How Arbitrage Mutual Funds Work: A simple introduction

Published: June 23, 2016 at 6:58 am

Last Updated on

Arbitrage mutual funds suddenly came into the spotlight after the recommendations of Budget 2014, which adversely affected investors in debt mutual funds.

They would now have to wait 3 years to apply indexation benefits to their capital gains from debt funds. For durations below or equal to three years, gains will be added to income and taxed as per slab.

As a result of increased inflows to such funds, returns appears to have come down recently? More on this later. This post was first published on Jul 17th 2014.

Notice the marked drop in returns post-2008.

Arbitrage Mutual Funds

A hitherto unknown and not-so-well understood class of mutual funds is now in the spotlight for two reasons.

  • The gains by investing in these funds is tax-free after one year because they are classified as equity mutual funds.
  • The gains come at near-zero, long-term (1-year plus) risk.

Thus instead of investing in an FD offering 8-9% returns and  getting 6-7% post-tax, why not invest in Arbitrage mutual funds, get about 6-9% tax-free?

  • After all returns from arbitrage mutual funds are independent of interest rates.
  • All these funds escaped the 2008 crisis.
  • Recall that even liquid funds were affected by the July 2013 bonds crash!

Sounds enticing does it not?

I had earlier written a purely non-technical introduction to arbitrage mutual funds. If you are interested in knowing more about these funds, start from there: The tax-free and risk-free investment

In this post, I would like to provide but slightly more technical but jargon-free description of arbitrage mutual funds.  How to select such funds will taken up in a future post.

Note: I am not a market expert and am only trying to share my understanding here.

Disclosure:  I use arbitrage fund UTI-Spread as part of my four year old sons marriage goal instead of a debt fund. No particular reason. The goal is not as crucial as retirement or his education. So I thought, I will give it a try instead of a debt fund! I do not regularly contribute to it. CAGR: ~ 8%


  • Arbitrage mutual funds operate in a complicated way and can be subject to new risks because of sudden increase (and therefore decrease) in AUM.
  • DO NOT start investing without understanding what you are getting into.
  • If your short-term financial goals are crucial, DO NOT use them.
  • DO NOT use them for goals just a few months away. They are not a replacement for liquid funds, ultra-short term funds or FMPs.
  • Returns can vary quite a bit and are not guaranteed (not one bit!). An arbitrage opportunity has to exist to obtain a return.
  • Do not blindly listen to the advice of your mutual fund advisor of fee-based financial planner and invest large sums in arbitrage funds. They may be under pressure from the AMC to ‘push’ such products.

How do they work?

The first task is to understand what an arbitrage opportunity is and how it is risk-free to exploit it.

There are many different arbitrage opportunities: in the stock market, in the commodities market, in the forex market etc and there are different types of arbitrage within each market.

We will look at just one type of arbitrage opportunity in the stock market.

To make thing specific, let me quote the following from the scheme information document of IDFC Arbitrage Fund (btw when in doubt, read the scheme information document!)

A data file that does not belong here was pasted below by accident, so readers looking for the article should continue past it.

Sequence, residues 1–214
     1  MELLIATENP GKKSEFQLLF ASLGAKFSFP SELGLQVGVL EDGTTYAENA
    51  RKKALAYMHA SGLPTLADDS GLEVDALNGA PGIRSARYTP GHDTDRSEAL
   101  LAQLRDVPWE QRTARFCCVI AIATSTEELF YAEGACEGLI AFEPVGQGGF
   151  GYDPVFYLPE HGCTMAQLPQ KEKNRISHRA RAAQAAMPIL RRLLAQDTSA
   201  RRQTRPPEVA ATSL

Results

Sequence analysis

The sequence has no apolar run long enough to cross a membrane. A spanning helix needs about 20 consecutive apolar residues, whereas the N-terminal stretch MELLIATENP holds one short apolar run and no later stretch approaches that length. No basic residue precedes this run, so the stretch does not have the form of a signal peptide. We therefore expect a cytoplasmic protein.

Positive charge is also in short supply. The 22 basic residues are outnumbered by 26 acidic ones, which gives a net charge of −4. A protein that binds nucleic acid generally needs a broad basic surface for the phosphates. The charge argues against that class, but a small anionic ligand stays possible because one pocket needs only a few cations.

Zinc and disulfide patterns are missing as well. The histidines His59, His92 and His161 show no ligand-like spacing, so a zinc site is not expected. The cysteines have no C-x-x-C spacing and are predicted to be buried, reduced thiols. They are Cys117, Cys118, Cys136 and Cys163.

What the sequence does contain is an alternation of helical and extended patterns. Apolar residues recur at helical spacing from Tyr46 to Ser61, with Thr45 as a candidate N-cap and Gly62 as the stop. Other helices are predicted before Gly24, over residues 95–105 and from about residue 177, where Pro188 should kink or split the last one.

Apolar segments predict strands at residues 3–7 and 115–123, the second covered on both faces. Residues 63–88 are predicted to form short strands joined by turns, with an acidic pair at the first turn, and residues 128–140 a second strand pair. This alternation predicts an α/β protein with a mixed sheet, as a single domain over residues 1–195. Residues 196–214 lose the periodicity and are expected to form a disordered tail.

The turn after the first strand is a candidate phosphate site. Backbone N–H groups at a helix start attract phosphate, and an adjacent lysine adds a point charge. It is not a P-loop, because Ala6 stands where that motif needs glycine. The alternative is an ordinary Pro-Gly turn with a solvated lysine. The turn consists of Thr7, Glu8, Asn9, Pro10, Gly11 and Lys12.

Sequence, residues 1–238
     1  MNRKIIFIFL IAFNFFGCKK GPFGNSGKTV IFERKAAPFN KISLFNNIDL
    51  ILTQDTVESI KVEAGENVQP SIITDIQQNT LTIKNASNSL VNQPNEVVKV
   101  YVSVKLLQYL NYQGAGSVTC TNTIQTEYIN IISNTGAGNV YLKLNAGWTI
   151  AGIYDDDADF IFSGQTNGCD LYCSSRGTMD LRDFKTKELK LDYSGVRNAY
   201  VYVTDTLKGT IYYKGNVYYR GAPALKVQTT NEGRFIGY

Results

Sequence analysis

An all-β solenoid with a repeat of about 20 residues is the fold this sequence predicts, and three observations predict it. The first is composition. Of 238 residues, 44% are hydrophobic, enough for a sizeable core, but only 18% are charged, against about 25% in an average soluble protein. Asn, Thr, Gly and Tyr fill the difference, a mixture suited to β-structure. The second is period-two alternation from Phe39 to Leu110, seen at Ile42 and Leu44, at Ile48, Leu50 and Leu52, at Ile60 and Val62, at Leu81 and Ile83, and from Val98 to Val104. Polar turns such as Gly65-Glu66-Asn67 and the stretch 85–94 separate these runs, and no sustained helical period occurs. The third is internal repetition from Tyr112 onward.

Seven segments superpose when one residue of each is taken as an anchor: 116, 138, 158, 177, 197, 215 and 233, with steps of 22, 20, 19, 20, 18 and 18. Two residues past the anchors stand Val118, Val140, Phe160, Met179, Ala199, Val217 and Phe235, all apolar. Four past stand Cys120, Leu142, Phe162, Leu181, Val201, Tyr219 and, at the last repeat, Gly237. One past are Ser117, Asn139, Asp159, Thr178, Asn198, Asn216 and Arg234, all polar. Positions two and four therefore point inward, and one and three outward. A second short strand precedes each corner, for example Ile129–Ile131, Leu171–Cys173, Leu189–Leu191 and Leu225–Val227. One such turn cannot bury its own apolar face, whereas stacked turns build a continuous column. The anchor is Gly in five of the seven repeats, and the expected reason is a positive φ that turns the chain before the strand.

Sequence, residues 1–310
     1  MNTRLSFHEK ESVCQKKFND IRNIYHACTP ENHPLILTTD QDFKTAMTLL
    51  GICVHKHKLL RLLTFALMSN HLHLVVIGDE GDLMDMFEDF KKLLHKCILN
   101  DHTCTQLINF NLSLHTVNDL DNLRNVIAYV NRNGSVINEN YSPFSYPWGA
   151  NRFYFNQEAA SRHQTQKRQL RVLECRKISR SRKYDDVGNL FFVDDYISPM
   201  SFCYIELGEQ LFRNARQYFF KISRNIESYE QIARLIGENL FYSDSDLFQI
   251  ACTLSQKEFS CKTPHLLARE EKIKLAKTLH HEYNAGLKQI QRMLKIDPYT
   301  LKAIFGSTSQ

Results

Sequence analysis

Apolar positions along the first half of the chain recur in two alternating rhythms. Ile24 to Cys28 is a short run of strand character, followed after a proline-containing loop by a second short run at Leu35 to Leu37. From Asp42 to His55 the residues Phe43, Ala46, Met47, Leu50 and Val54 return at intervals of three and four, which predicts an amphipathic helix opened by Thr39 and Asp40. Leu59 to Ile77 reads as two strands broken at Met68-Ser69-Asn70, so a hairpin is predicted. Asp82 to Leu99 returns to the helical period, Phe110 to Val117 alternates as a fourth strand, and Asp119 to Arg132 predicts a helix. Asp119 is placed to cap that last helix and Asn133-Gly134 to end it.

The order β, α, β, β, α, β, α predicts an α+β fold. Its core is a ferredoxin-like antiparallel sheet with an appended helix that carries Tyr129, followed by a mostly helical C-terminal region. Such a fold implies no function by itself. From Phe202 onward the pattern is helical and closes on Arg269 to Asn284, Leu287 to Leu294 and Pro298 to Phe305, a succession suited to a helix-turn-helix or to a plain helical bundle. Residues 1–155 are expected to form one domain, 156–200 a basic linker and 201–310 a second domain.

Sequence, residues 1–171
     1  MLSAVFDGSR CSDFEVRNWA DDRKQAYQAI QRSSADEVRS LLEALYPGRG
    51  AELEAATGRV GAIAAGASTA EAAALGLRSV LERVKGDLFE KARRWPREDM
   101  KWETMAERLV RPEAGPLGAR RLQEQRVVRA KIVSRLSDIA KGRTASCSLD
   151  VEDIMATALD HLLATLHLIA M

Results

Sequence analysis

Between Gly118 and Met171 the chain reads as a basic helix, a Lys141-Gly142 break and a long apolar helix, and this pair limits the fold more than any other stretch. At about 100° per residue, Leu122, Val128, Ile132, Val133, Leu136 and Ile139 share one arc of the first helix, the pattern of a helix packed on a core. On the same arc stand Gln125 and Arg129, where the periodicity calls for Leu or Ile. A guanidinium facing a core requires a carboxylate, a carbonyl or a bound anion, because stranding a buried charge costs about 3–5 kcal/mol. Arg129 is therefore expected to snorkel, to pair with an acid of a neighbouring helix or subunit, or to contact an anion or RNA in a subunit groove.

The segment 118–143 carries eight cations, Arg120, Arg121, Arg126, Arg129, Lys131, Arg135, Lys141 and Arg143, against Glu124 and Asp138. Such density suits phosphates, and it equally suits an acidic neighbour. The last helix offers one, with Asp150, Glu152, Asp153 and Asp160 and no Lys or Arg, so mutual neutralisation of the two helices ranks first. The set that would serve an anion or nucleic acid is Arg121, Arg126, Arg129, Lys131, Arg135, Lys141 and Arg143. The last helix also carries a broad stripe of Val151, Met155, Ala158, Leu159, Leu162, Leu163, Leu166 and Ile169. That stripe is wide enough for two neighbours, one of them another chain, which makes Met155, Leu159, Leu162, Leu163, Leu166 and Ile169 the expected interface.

The Scheme will endeavour to invest predominantly in arbitrage opportunities between spot and futures  prices of exchange traded equities. In the absence of profitable arbitrage opportunities available in the market, the scheme may predominantly invest in short-term debt and money market securities.

Let us try to understand what the first sentence means.  Hopefully, the second sentence would be clear on its own.

Seeking arbitrage opportunities between spot and futures  prices of exchange traded equities is known as Cash-n-carry arbitrage. We will discuss other types of arbitrage in a another post.

Spot price

The spot price of a stock is its current price. This is the price quoted in business channels and financial portals. When you buy or sell a stock using a demat account, the stocks are delivered or off-loaded immediately at the price applicable when bought or sold.

Futures price

In the futures market, the buyer and the seller do not exchange stocks (or commodity) immediately. The stocks change hands at a future date, but the price is fixed at the time of agreement. Thus, a contract is arrived at.

The contract price per stock can vary from day to day and the contract can be traded in the futures market.

If after  the purchase of a contract, the selling price of the contract increases,

  • the person who agreed to sell stocks at a future date, loses money because he is obligated to sell at a lower price.
  • Similarly, the person who agreed to buy stocks at a future date, gains because he is obligated to buy at a lower price.

When the futures contract expires, the selling price of the stock in the futures market would typically be equal to the selling price in the cash market. Let us say, this is Rs. 11 per stock.

An amount of Rs 1. x 100 ( change in price x no of stocks) is deducted from the sellers account because he would have to sell at a higher price.

The same amount is credited to the buyers account because he would have to buy at a higher price.

The futures contract seller can now actually sell his stock at Rs. 11 per stock. He would receive 11 x 100 = 1100.

The futures-contract-sellers gains in the cash market (stock sells at Rs. 11 while selling, instead of Rs. 10) is offset by the loss in futures market.

The futures-contract-buyers gain in futures market will be offset when he buys the stock selling at Rs. 11 instead of Rs. 10.

Thus, the effective price of both the futures buyer and seller is only Rs. 10.

In this case, the futures-buyer is said to have hedged his risk by entering into a (futures) contract. He buys the stock at an effective price of Rs. 10 even though it is priced at Rs. 11. The futures-seller has neither lost nor gained.

Similarly, had the stock price decreased to Rs. 9 upon expiry of the contract, the futures-seller would have gained money from the contract while the futures-buyer would have lost money.